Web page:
Sarah Ford | May 7, 2014

The New CFC Rules Lay a Path to Expanding Giving and Cutting Costs


NPQ has published a number of articles recently about the Combined Federal Campaign, which took a very dramatic 19 percent drop this past year, and its proposed new rules. While the drop is clearly due in part to circumstances last year—sequestration, furloughs, and a suspension of the campaign mid-stream—it was undeniably part of a longer trend; you can see the stats here in a graph.

We may hold that workplace giving is potentially on its way out as a natural result of technology and changes in workplace dynamics, but that is not the only opinion. Here, we present the views of Anthony DeCristofaro, who is the former executive director of the CFC of the National Capital Region and who now works for the Department of Defense.

Like every employer, the government tries to offer the best employee benefit programs for its workers—military, civilian, or postal—while maintaining vigilant oversight to ensure the programs are operated within appropriate legal and security demands. Charitable giving is no exception to this. In keeping with that aim, the U.S. Office of Personnel Management (OPM) office just released a new rule which, starting in 2016, will lead the way for increased charitable giving and govern the future vitality of the Combined Federal Campaign (CFC). The revised rule incorporates new technologies to lower costs, improve employee engagement, and chart a positive trajectory for this campaign for years to come.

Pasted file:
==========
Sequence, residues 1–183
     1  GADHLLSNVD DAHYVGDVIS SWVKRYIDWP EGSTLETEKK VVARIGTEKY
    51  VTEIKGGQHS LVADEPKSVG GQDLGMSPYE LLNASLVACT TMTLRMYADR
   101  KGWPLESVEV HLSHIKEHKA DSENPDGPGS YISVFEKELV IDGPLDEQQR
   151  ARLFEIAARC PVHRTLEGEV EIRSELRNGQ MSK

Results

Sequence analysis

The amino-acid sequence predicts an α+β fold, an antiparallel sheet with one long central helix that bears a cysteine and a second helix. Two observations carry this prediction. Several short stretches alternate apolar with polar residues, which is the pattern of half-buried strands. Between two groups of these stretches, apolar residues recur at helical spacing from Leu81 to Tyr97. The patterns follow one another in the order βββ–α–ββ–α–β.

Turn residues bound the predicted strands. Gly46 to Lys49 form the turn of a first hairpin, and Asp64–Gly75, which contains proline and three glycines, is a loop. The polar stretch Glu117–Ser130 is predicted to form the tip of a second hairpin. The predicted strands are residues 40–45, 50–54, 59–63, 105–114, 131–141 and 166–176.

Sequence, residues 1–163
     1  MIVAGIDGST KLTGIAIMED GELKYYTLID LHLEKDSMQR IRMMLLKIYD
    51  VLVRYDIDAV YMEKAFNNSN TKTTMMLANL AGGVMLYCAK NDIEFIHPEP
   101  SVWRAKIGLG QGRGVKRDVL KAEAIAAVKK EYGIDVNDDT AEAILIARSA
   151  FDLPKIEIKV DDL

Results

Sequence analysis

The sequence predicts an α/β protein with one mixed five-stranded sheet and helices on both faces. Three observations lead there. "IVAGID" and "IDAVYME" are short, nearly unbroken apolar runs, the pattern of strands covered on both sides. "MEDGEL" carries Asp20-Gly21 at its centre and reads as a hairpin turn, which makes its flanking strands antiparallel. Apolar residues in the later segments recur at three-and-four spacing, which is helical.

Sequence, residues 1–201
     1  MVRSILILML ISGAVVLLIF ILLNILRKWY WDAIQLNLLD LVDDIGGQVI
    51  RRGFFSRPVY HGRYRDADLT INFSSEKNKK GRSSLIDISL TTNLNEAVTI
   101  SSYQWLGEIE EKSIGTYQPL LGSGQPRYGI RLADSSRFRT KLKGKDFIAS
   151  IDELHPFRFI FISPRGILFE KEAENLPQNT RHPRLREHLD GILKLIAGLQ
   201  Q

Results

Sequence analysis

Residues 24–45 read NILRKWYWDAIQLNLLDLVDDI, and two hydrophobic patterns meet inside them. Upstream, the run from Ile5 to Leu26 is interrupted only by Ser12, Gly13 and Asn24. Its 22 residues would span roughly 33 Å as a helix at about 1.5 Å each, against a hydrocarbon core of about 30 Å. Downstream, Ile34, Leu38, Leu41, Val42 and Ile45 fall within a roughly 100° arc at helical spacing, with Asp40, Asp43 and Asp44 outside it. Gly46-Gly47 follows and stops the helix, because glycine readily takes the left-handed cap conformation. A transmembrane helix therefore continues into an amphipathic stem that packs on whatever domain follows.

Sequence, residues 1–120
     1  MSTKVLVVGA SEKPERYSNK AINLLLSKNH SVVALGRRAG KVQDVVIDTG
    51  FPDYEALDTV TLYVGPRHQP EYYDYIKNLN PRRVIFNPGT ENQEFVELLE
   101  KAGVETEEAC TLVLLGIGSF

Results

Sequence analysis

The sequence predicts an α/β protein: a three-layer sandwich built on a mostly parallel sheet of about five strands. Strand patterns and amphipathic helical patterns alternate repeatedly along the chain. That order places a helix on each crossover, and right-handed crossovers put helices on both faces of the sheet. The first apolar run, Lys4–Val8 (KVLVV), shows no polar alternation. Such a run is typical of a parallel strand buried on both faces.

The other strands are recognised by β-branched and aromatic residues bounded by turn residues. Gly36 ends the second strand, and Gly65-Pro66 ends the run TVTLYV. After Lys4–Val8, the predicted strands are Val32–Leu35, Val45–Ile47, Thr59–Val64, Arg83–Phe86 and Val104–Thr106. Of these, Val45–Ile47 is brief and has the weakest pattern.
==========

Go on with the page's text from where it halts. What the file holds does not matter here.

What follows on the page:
The CFC-50 Commission provided a comprehensive blueprint with specific recommendations to lower costs, increase transparency, and take other measures to improve participation in the campaign. Taken as a whole, the approach in the new rule is balanced and fully in line with the CFC-50 Commission’s recommendations.

However, when the government tinkers with a program that has been overwhelmingly successful (CFC has generated more than $7.2 billion for charities since 1961), people understandably get apprehensive. A lot of questions on implementation plans still remain to be answered. However, after assisting with this campaign since 1983, I would encourage everyone to read the rule carefully and consider the overall positive impact and results envisioned with it—or the declining trends that may continue without it.

Every time OPM has looked at changing the CFC rules, someone inevitably cries, “Wolf!” For much of my career before joining the government in 2012, my name was likely on some of those news releases. Take 2006—the last time OPM made significant changes to the CFC rule. Commentators like me opposed the elimination of the overhead standard and the addition of the new (at the time) five-digit charity-coding scheme. We forecast gloom and doom. However, giving through CFC grew by more than $12 million from the year before those reforms were announced through 2010.

Recently, Rick Cohen wrote about the CFC for NPQ and posed a few probing questions about some of the latest changes:

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